Food Engineering

If you don't measure it, you can't control it

November 1, 2010
Process Analytical Technology (PAT) is a system for getting a right batch every time by using on-line/in-line sensors (rather than taking measurements or samples to the lab) and knowledge of the process often implemented in advanced process control (APC) algorithms. 



This approach to enhance product quality through deeper process knowledge and process instrumentation is the result of an FDA directive issued some time ago for the benefit of the pharma industry.

The goal of the directive was for pharma to consistently get batches right, with less FDA oversight, less reliance on post-production quality inspection and less testing. While the right dose with the right efficacy is important, pharma has derived another major benefit from the directive-control.

PAT can also be successfully applied to a number of food and beverage processes, even packaging, says Fred Discenzo, manager, diagnostics & sensors at Rockwell Automation Advanced Technology Laboratory. These include any fermentation process-cheese, beer, wine, yogurt-and others like tomato production, pizza sauce and ketchup. Major food and beverage processors are already using PAT to produce more on-spec product with less waste, scrap and energy consumption-at relatively low costs.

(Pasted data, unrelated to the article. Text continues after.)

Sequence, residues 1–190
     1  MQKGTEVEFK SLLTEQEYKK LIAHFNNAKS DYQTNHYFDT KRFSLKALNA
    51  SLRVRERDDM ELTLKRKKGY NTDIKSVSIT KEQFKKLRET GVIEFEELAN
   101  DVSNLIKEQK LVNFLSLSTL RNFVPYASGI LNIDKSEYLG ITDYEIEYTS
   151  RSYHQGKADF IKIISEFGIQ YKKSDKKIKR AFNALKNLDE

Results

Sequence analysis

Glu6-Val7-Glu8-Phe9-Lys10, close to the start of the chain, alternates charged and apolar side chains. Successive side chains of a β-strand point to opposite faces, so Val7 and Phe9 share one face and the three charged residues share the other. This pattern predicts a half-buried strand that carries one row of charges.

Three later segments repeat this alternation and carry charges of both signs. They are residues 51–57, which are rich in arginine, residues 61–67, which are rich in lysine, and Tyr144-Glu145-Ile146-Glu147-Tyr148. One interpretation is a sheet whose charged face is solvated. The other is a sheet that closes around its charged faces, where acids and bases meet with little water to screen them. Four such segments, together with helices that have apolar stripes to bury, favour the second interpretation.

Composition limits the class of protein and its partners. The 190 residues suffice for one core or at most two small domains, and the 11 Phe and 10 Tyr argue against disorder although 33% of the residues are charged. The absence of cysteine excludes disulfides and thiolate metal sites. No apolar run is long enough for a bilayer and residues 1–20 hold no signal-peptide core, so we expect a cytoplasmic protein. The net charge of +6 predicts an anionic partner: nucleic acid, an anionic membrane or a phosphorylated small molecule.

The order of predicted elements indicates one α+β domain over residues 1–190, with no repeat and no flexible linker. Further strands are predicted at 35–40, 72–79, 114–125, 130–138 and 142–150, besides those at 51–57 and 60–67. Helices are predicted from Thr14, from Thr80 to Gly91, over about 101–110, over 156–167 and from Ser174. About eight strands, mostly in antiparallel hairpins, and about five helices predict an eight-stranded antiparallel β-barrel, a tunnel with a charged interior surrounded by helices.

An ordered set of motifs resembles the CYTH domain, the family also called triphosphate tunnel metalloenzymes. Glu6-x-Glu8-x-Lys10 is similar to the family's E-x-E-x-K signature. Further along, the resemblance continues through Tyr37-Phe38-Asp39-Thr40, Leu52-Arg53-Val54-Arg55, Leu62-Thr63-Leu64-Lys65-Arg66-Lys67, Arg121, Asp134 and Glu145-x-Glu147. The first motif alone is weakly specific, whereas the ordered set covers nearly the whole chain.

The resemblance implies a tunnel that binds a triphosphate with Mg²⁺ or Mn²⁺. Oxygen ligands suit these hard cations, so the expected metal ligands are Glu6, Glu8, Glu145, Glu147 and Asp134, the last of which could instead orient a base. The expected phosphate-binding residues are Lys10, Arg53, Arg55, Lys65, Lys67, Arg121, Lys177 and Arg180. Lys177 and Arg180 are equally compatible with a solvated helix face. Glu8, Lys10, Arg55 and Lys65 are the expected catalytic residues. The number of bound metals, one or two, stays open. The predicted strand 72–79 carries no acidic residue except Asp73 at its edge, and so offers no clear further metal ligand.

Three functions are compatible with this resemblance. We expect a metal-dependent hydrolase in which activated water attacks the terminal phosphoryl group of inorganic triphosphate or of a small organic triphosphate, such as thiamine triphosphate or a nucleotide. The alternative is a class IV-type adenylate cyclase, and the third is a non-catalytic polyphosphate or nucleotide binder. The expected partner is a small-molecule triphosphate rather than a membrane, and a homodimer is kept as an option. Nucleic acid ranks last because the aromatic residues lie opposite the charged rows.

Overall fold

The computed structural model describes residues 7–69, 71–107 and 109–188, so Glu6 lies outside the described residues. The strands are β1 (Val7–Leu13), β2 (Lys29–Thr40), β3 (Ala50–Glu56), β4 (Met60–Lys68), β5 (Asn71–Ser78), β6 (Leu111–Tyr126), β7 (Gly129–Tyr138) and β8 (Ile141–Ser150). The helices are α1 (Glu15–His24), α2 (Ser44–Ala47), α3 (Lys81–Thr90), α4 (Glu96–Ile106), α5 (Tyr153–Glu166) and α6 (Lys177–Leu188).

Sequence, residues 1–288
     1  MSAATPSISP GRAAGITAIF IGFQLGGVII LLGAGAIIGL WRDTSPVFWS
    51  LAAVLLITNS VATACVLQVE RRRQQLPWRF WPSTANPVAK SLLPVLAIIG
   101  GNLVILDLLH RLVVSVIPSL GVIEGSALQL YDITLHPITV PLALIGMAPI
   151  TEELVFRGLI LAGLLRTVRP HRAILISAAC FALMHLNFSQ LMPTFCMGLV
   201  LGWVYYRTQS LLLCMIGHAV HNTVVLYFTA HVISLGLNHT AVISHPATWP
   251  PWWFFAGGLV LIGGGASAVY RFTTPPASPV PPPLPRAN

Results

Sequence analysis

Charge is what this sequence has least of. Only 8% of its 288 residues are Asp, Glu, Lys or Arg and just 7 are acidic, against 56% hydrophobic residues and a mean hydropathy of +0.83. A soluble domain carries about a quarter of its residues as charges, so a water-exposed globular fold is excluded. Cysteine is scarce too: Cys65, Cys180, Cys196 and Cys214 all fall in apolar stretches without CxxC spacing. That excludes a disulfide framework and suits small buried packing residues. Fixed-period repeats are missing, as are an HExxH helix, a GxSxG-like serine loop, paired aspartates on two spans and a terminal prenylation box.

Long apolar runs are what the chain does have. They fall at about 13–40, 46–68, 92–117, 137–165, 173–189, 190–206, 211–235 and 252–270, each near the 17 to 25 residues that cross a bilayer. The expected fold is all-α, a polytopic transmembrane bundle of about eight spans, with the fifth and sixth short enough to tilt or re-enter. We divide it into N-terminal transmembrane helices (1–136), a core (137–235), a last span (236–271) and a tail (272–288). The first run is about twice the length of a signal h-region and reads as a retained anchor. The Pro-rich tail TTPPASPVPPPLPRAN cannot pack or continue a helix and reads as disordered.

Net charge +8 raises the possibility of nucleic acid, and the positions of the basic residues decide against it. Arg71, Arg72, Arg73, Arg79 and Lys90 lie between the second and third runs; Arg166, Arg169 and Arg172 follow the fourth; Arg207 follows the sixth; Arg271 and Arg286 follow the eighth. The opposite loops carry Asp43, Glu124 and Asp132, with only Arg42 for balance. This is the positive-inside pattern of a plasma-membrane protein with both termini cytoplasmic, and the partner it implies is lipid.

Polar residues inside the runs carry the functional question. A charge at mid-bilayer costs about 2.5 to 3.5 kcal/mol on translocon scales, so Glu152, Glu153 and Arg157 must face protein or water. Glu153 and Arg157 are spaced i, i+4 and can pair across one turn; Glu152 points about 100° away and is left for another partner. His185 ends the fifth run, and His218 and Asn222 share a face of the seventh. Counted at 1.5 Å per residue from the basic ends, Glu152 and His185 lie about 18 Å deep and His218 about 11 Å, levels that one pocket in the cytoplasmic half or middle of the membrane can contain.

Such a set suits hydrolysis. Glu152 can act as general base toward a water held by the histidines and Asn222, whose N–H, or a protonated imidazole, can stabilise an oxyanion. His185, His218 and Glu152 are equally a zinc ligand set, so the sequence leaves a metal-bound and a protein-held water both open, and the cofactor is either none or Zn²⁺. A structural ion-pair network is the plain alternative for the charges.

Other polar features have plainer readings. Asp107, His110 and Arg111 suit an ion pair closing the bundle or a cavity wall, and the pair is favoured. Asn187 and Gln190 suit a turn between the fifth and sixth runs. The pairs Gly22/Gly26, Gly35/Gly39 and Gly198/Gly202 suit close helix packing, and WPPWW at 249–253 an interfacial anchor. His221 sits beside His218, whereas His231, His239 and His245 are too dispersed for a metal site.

While sophisticated electrochemical sensors are becoming available to evaluate the chemistry of a food product, less-sophisticated devices with the right software algorithms can go a long way into implementing PAT in a process, says Discenzo. Some food processors are using common sensors that measure temperature, level and moisture to obtain much of the data for software algorithms to get processes under control, running at peak efficiency.

Fred Discenzo can be reached at fmdiscenzo@ra.rockwell.com or 440-646-7325.